In a world where artificial birth control is the status quo, the Diocese of Little Rock is showing couples preparing for marriage that natural family planning is the only option approved by the Church.
"We have a very rich teaching about family life in our Church. To bring that to full fruition means we have to be counter-cultural to what's happening in our world right now. Contraception is a common thing. We're bombarded by it," said Elizabeth Reha, diocesan family life director. "That is not what the Church teaches. We want to offer something that the Church teaches, and is healthy for couples spiritually and physically."
Beginning Jan. 1, engaged couples of child-bearing age will be required to attend natural family planning classes as part of their marriage preparation before they can get married in the Diocese of Little Rock, Bishop Anthony B. Taylor said.
"Placing this into the process of getting married gives couples a gift and opportunity to learn about the Church's teaching, to learn about what their bodies are doing fertility-wise and to make a healthy choice for their family spiritually for a lifetime," she said.
"NFP reflects the dignity of the human person within the context of marriage and family life, promotes openness to life, and recognizes the value of the child. By respecting the love-giving and life-giving natures of marriage, NFP can enrich the bond between husband and wife," the United States Conference of Catholic Bishops said in its "Standards for Diocesan Natural Family Planning Ministry."
Some couples, Reha said, will investigate more than one method and attend instruction for more than one. It helps the couples find what method best suits them.
The challenge for the diocese is to ensure that all couples of child-bearing age have access to natural family planning classes.
"It's a challenge to cover the entire diocese and make sure that everyone has a class available at the time that they need it. Although there is a six-month marriage preparation time, depending on wedding dates, couples will need class opportunities throughout the year," Reha said.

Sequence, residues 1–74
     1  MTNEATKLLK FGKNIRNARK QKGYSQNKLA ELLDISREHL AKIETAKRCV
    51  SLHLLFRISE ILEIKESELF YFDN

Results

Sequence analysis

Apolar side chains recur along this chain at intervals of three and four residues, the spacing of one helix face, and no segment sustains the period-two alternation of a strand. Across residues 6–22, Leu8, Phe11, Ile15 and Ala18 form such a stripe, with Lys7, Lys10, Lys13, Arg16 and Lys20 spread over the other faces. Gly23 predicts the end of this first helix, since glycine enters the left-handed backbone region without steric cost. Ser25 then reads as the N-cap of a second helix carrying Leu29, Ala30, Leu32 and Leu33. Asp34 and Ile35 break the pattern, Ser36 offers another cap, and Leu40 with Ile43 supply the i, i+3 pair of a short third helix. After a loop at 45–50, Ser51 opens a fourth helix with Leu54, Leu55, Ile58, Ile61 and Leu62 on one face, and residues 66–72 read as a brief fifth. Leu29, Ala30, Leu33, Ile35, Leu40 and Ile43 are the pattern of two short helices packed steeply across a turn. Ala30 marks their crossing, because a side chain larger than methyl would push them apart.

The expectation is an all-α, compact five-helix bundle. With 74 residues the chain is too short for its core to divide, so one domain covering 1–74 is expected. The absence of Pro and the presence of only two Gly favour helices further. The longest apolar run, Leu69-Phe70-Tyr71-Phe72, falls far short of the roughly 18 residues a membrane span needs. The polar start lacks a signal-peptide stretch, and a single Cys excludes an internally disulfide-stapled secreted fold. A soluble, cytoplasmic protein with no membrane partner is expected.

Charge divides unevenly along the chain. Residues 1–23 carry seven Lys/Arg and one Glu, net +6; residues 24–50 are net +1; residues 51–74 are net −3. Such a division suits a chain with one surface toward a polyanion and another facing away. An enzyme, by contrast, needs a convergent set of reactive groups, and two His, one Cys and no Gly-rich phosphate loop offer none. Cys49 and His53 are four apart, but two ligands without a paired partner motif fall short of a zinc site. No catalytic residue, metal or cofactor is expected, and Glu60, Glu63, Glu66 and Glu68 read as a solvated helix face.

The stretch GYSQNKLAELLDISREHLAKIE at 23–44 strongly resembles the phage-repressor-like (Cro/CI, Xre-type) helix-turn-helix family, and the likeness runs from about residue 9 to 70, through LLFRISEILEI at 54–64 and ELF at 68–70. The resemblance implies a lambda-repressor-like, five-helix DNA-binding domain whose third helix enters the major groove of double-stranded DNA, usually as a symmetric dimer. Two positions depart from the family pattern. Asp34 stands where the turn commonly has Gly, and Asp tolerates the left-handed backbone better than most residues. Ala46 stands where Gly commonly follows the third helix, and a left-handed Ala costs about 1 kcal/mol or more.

Other innovative ways to help couples attend classes are in the works, Reha said, including virtual classes that include video conferencing with teachers. This also helps make sure enough instruction is available in both English and Spanish.
"We're excited about that being one of our tools to use around the state," she said, "because we're going to have places around the state where we don't have instructors readily available."
Cost ranges from approximately $30-$135, depending on the method. Scholarships are available for those who cannot afford classes.
Once they learn a method, it is an investment in the future of their marriage and family, Reha said.
"NFP strengthens a couple's communication. They find alternate ways to express their love for each other. It also strengthens their faith life because they have to trust in God," said Kathy Nauman of North Little Rock, who has taught the Sympto-Thermal Method for 30 years with her husband Tom. "It is a hard teaching in today's society, but once they embrace NFP it makes it easier for them. To be able to start a marriage with this tool is starting these couples off with their best foot forward."
Classes in Hot Springs
Classes in English and Spanish
Classes in English at West Memphis and Jonesboro
Classes in Spanish at Jonesboro
Classes in English at Atkins, Cherokee Village, Conway, Fayetteville, Little Rock, Mountain Home, North Little Rock, Ratcliff and Rogers
Classes in Spanish at Conway, Fort Smith and Texarkana
Bishop Taylor's video and audio recordings in English and Spanish, and many other resources: www.dolr.org/bishop/openhearts.php.
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